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Victory Park (aka Park Pobedy) in Moscow is home to 13 unique memorials, more than 300 pieces of weaponry, the largest flower clock in the world, 13 restaurants, a synagogue, a mosque, and an Orthodox chapel. It’s quite an interesting mix worth seeing if your schedule allows. This post will give a brief background on the park, explain whether it’s worth visiting as a tourist and what to expect if you do decide to visit it.
What is Victory Park?
Victory Park was founded in 1958 and is situated on Poklonnaya Gora, which is one of the highest spots in Moscow. This is historically where visitors coming from the west would pay hommage to Moscow and bow down. It is also where Napolean waited in vain for the keys to the Kremlin to be brought to him.
Now, this area is used to honor those who brought the Soviet Union to victory over the Nazis in the Second World War. More than 27 million Soviet lives were lost during this war (more than any other country). There memorials, fountains and a museum dedicated to the Great Patriotic War (WWII).
While it is sobering to see the memorials and the Victory Museum, the park is an interesting, and nice way to spend a warm summer day. It is still a park where people run, play, skate, enjoy casual outdoor restaurants and picnics, and there are even go-karts to rent and a small theme park for children. Victory Park is also decorated festively in the winter months and will sometimes have impressive ice sculptures as well as an ice skating rink.
As a Tourist to Moscow – Is It Worth Visiting Victory Park?
Those interested in World War II history will especially enjoy visiting here. My husband is really interested in weaponry from this period and enjoyed seeing the various tanks, aircraft and ships that were used by the Russians in WWII. These pieces are all located within the Open-Air Exhibition of Military Equipment in Victory Park.
While I am not especially interested in any sort of weaponry, it was still quite interesting to see the various aircraft and ships used in WWII… in addition to the tanks.
Now, if you only have a couple of days to spend in Moscow, I would not say Victory Park is a must-do unless you are a serious WWII history buff. Seeing the Kremlin, St. Basil’s Cathedral, the Bolshoi, Izmailovsky Market, etc. are a better way to spend a short time in Moscow. Now, if you have ample time to spend in the city, then yes, Victory Park is a fine way to spend a few hours of your day.
You can easily walk the park yourself at your own leisure, and many of the park signs are also in English. However, the museum and some signage in the Open Air Exhibits are only in Russian. If you want to get a deeper understanding of the Victory Museum and the memorials throughout the park, it is best to hire an English speaking guide to translate for you.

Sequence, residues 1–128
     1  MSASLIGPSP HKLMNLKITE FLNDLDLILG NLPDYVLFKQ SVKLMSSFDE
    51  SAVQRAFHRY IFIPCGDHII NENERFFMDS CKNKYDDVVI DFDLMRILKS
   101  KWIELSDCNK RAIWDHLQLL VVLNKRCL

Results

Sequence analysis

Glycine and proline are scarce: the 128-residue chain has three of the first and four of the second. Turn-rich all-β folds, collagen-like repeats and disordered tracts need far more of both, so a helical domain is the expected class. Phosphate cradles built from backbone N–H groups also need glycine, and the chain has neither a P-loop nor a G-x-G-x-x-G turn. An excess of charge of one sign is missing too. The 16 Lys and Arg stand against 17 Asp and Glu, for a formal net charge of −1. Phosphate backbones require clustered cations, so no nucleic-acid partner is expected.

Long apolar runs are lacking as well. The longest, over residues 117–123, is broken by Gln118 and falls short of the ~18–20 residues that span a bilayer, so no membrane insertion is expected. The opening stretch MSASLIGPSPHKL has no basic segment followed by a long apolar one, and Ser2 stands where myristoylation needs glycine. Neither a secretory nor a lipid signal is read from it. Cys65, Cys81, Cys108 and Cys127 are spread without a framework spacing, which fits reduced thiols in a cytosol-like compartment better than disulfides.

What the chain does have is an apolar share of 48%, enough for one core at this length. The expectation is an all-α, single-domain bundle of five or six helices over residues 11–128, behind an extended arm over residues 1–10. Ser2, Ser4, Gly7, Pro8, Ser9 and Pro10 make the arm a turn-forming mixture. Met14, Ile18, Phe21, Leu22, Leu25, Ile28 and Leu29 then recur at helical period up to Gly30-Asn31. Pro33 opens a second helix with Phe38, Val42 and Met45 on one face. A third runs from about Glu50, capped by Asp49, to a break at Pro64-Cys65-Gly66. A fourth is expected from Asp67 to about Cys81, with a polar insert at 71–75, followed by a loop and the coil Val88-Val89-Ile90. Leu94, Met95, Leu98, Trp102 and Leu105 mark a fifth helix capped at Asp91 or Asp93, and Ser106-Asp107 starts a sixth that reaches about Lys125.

Visiting Victory Park – What to See + Ticket Info
- Visiting the park itself is free – however, visiting the museum and the open-air exhibition does require paying for a ticket that can be purchased at a ticket kiosk the day of.
- The park itself is also open all day long. But the hours for the museum are 10 am – 8:30 pm (9:30 on weekends) and closed on Mondays.
When exiting the Park Pobedy metro station, you will first see the Triumphal Arch. This is located just outside the park and is actually located in the middle of a highway. It was constructed to commemorate Russia’s victory over Napolean.
Exhibition of Military Equipment and Weapons in the Open Air Exhibition
As I mentioned, my husband is especially interested in the weaponry used by the Russian during this war. So, we made a beeline for the Open Air Exhibition. For 250 rubles you can purchase tickets to this sprawling exhibit at the ticket kiosk. You also have the option to purchase a ticket to the Victory Museum here (tickets to the museum are 120 rubles).
The sections you will see here are:
- Trophy Equipment and Armament
- Engineering Construction
- Railway Troops
- The Military Highway
- Artillery Reserve Of The Main Command
- Air Force and Air Defense
- Open Air Display of Army Hardware of Local Wars and Armed Conflicts of 1950s-1980s
- The Base of the Partisan Detachment
- Trophy Japanese Weapons and Military Equipment During The Soviet-Japanese War of 1945
- Exhibition Motors of War – FYI this is in the basement in a separate building outside of the open-air exhibit. There are signs that point you to it, though.
Please find more photos of the open-air exhibition at the very end of the post (I took a TON of photos).
The Victory Monument is a 142-meter tall obelisk (every 10cm represents one day of the war). At the base of it is St. George slaying a dragon covered in Nazi symbols.
Victory Museum – The Museum of the Great Patriotic War
Just behind the Victory Monument is the Museum of the Great Patriotic Wat. This museum has hundreds of exhibits, including dioramas of every major WWII battle the Russians fought in, as well as weapons, photographs, documents and other wartime memorabilia.
War is a tragedy for many people. That’s why you can also find in the Park an Orthodox Church, a memorial Mosque and the Memorial Synagogue to remember people of different religious beliefs who also perished in the war against the Nazis.
Memorial Mosque, Memorial Synagogue (sorry, not pictured) & St George’s Church on Podklonnaya Gora
For additional monuments within the park, please click on the photos below to read their descriptions.
If anyone has any questions about visiting, please feel free to reach out in the comments section at the end of the post.
- Click here for the Victory Park website.
- Click here for an English-speaking tour.
- Click here to see all of my blog posts on Russia.
- Click here to read about how you can ride in a real tank while in Russia!
More photos of the Exhibition of Military Equipment and Weapons in the Open Air Exhibition:
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